Just like a piece of driftwood eventually reaches the shore, you too will reach your destination. You will reach a destination where you are valued, respected, and appreciated. You have an incredible opportunity to change the way that you look at rejection. You are blessed with the gift of time, which will season your abilities and add to your experiences. The rejections that you face from others will help refine your passions and possibly detour your God-given destination. Be thankful for your rejections, because how you view rejection has the power to make or break you.




Tuesday, July 25, 2017

My Leadership Journey: The Secret of Cutting Through Rock with Water

My recent journey to interview 50 leaders in a year has taught me the power of persistence. One of my mentors has been extremely helpful in getting me in contact with some great leaders. Many of these individuals have busy schedules and other priories, which makes scheduling interviews very difficult.

Most of the leaders whom I have interviewed have graciously invested their time in my journey. One leader in particular was very difficult to reach. Every time that I contacted this leader, they would tell me to call back later because they were too busy. I contacted this individual three different times. Finally my persistence paid off with an interview.

Although this individual was very difficult to work with, they taught me a valuable lesson. Leaders who are persistent are very effective. Why? They practice follow through, efficiency, practice accountability, and are very goal-oriented.

Persistence requires strength and courage because it often means facing fear and resistance. Persistence develops character, strength, and confidence in people who do not quit when others do. Some of the greatest feats known to man have occurred through the blood, sweat, and tears of persistent individuals.

An excellent visual for the power of persistence is found in the following quote:


Can you imagine if water did not contain the element of persistence? The Grand Canyon would never exist.

What about you? What rocks do you need to cut through? Whether calling customer service for support or trying to improve your abilities, I encourage you to be persistent.  Your persistence will cut through the rocks of negativity, stagnation, and limitation.




Saturday, July 22, 2017

BibMe Makes Bibliographies Easy



If you or your students write papers, then you know that creating citations and references are extremely important. I have always loved Citation Machine, but I just found a new tool that I really like. It is called Bib Me.

Although it has been around for some time, I recently found it. I like it for several reasons. First, it has a very simplistic interface, which makes creating a bibliography extremely useful.

For example, you can just copy and paste the URL, title, or ISBN of your resource and EasyBib can generate a bibliography. If you have more sources to add, you can keep adding to it and then download!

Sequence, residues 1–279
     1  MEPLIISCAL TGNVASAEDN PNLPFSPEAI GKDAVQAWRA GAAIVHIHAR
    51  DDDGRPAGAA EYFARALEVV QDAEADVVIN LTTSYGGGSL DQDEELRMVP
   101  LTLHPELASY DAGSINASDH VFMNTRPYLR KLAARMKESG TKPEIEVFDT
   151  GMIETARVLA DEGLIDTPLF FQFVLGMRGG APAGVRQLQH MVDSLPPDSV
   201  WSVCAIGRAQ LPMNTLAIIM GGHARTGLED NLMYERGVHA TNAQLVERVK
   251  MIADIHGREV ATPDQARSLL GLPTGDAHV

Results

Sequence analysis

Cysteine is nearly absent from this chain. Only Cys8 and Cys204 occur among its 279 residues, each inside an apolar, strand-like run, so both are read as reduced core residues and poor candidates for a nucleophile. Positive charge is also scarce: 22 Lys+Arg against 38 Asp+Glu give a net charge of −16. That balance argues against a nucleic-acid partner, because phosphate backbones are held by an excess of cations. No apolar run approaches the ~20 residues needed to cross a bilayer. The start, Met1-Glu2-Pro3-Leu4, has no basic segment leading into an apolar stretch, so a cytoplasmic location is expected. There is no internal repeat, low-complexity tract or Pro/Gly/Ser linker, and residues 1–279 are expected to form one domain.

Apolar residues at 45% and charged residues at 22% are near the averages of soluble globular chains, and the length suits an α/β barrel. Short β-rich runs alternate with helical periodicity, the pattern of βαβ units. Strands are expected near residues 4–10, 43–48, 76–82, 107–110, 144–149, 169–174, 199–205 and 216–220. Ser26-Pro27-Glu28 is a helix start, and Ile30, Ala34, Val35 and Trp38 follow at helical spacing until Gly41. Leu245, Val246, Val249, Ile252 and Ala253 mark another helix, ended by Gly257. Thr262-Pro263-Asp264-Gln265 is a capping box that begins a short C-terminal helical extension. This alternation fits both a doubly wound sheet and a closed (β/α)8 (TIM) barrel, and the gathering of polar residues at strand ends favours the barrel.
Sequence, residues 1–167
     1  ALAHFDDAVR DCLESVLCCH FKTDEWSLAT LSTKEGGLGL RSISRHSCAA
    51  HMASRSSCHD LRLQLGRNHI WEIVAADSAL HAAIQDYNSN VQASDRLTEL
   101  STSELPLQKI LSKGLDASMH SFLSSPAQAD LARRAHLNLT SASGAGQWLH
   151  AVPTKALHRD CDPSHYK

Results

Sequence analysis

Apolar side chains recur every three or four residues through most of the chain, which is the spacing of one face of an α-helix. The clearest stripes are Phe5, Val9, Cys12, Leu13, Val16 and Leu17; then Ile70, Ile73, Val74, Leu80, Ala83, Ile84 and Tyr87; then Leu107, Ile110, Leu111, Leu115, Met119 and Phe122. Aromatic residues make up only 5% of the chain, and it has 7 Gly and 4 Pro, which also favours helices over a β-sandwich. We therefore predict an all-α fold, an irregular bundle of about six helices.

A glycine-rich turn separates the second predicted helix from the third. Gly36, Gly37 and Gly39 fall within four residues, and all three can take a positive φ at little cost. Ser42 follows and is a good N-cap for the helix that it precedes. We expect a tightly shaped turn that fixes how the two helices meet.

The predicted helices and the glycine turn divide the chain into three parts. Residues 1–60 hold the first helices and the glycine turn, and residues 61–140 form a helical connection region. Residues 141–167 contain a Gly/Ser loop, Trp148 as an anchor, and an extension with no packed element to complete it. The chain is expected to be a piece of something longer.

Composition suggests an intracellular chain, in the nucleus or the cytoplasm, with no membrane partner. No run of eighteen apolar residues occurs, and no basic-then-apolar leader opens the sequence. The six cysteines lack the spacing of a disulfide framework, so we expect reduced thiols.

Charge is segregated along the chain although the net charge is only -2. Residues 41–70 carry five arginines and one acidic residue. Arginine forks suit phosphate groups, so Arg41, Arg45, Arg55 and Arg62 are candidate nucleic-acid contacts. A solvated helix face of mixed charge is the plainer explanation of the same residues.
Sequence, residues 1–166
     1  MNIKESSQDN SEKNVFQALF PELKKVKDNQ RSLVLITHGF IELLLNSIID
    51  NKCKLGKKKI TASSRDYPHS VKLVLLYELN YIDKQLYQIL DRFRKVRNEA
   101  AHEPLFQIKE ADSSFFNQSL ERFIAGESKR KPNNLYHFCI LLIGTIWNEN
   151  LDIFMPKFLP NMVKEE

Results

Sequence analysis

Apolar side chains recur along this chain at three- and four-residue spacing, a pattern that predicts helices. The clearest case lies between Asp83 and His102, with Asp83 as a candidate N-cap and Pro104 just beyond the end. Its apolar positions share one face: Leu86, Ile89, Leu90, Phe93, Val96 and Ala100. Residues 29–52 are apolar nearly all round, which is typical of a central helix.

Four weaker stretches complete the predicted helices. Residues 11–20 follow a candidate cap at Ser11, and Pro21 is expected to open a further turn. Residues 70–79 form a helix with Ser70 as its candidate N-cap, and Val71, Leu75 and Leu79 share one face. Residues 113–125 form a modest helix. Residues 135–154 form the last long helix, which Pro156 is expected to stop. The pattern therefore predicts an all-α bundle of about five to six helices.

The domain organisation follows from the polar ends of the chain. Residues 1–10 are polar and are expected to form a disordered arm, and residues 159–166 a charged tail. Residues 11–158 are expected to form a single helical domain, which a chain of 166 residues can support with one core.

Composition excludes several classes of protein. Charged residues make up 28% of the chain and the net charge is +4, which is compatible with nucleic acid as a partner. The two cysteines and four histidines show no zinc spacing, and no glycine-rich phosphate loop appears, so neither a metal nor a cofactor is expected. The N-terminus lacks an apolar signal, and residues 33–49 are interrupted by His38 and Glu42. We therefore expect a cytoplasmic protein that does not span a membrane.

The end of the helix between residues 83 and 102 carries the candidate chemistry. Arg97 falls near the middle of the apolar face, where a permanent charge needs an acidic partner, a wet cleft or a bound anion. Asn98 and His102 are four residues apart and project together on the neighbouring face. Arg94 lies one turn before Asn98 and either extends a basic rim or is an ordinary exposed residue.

Secondly, the source has a variety of tools to help with the writing process. For example, Bib Me has citation guides to help with citing a specific type of resource. Bib Me also has a plagiarism checker and tutorials.

Finally, it is free! You don't have to jump through hoops to use it, such as watching videos or only being able to generate a limited number of citations.

If you are currently enrolled in school or have students who are constantly writing!


Wednesday, July 19, 2017

Take a Dive with Google Underwater Street View

Exploring the deep underwater confines of the world's oceans used to be a place reserved for the elite few; however, Google Underwater Street View opens up a new world of possibilities for students and teachers alike.


Simply visit www.google.com/maps/streetview/#oceans to go on a virtual dive of some of the most famous underwater places and life forms on earth. Google Underwater Street View provides you with the opportunity to explore reefs, life forms, wreckage sites, and see the impact of climate change.

Wednesday, July 12, 2017

Choose Your Weapon: 5 Strategies for Unleashing The Power of Perspective in Leadership

My career started as a teacher, which came natural to me. I was highly encouraged to pursue leadership positions within the organization because I was viewed as a "natural leader" by my administrators and peers.

Several years later, I confidently applied for a leadership position. Instead, I was greeted by comments about my lack of experience and worth as an educator. It was frustrating to be discouraged by some of the very people who were supposed to encourage, mentor, and help me. In hind sight, I now realize that this was an opportunity to see my true passion - educational technology.

I made the transition into a formal educational technology position about four years ago and have survived through a parade of four different bosses. Each time the director position became available, I was passed up for a variety of reasons. It has been difficult to stay positive and motivated after so many different disappointments; however, this leadership journey of interviewing 50 leaders in a year, would have never started without disappointment.